I remember when Halloween wasn’t a big deal. When I was growing up in the North East of England in the 1970s, Halloween meant carving lanterns out of turnips (what folks in the south call swedes) and perhaps telling a few ghost stories. It certainly didn’t involve trick or treating (my mum would sniff that it was “little more than begging”), dressing up, or the whole carnival atmosphere that seems to surround it nowadays. For me Halloween will always be the smell of burnt turnip
Be that as it may.
Halloween is nearly here and actually, I embrace it with gusto. It may be a throwback to my years as a Goth, or it may be that weird masochistic bent so many of us having for being delightfully scared in a safe and non threatening setting. Whatever. It’s fun.
It’s also a great excuse to make stuff.
I’ve had a needle felting kit for several months and haven’t been inspired to make anything.
Needle felted pumpkins. Well, it had to be didn’t it?
And These are actually dead (ha!) easy to make. Which is good as I’m a complete novice when it comes to felting techniques.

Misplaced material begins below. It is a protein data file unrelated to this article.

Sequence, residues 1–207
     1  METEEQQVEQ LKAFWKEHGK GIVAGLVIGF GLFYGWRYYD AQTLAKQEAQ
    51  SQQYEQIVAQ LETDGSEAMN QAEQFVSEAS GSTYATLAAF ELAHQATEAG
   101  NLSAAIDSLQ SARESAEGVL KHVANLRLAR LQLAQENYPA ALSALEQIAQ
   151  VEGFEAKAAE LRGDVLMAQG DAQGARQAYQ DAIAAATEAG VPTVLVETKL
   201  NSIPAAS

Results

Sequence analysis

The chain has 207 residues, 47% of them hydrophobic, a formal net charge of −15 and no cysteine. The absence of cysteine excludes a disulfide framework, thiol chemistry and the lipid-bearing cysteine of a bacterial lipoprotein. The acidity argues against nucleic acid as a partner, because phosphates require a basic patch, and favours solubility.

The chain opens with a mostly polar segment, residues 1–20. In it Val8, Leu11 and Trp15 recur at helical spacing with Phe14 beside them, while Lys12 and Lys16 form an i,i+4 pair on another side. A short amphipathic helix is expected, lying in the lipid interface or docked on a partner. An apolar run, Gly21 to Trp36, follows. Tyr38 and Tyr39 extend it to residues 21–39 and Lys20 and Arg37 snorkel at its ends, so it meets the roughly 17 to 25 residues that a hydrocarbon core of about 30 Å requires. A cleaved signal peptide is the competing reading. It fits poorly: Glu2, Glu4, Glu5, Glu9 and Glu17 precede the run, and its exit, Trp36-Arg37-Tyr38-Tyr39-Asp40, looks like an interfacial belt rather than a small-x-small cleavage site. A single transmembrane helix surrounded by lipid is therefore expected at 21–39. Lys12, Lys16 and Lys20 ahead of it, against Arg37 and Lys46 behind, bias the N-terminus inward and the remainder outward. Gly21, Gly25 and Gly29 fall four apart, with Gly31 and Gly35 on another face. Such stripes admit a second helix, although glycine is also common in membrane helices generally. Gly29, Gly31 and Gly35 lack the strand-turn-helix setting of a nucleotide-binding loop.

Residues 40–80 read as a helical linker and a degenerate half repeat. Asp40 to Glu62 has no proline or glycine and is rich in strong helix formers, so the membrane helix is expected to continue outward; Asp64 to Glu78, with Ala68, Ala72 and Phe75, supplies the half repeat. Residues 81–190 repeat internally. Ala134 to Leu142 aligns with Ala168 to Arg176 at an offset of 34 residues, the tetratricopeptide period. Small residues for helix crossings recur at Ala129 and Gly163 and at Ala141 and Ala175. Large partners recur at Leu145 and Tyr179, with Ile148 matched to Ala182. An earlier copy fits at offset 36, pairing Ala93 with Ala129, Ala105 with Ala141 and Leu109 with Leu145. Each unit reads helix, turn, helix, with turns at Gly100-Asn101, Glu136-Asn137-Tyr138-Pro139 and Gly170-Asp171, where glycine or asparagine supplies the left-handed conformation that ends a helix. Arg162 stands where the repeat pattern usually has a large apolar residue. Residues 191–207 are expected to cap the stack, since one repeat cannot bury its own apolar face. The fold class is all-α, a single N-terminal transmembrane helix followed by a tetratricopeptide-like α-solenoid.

Anyway, start off with a clump of orange roving. This stuff feels so good, it’s very tempting to just sit there stroking it. But no! Be strong and continue with your project.
Now run a basin of hot water and add some mild soap. Take your lovely, soft, fluffy roving and dunk it in the water, rolling it between the palms of your hands quite vigorously. Keep doing this until the wool has formed a ball.
Let it dry and then take some very thin strands of black roving and a fine felting needle and poke at the strands of black wool until they bond with the orange ball, making the segments of the pumpkin
Keep going until you have made segments all the way around.
Now take a very small piece of green wool and roll the very end of it between finger and thumb until it clumps together – this will be the stalk.
Put the green wool on the top of your pumpkin with the stalk sticking up and do some more prodding around the base of the stalk to attach it to the pumpkin. Take the loose fuzzy bit of the green wool and loop it round to make a leaf shape, then prod that into position on the pumpkin too. Your little fuzzy pumpkin is now ready to go
You could make a whole pumpkin patch’s worth of them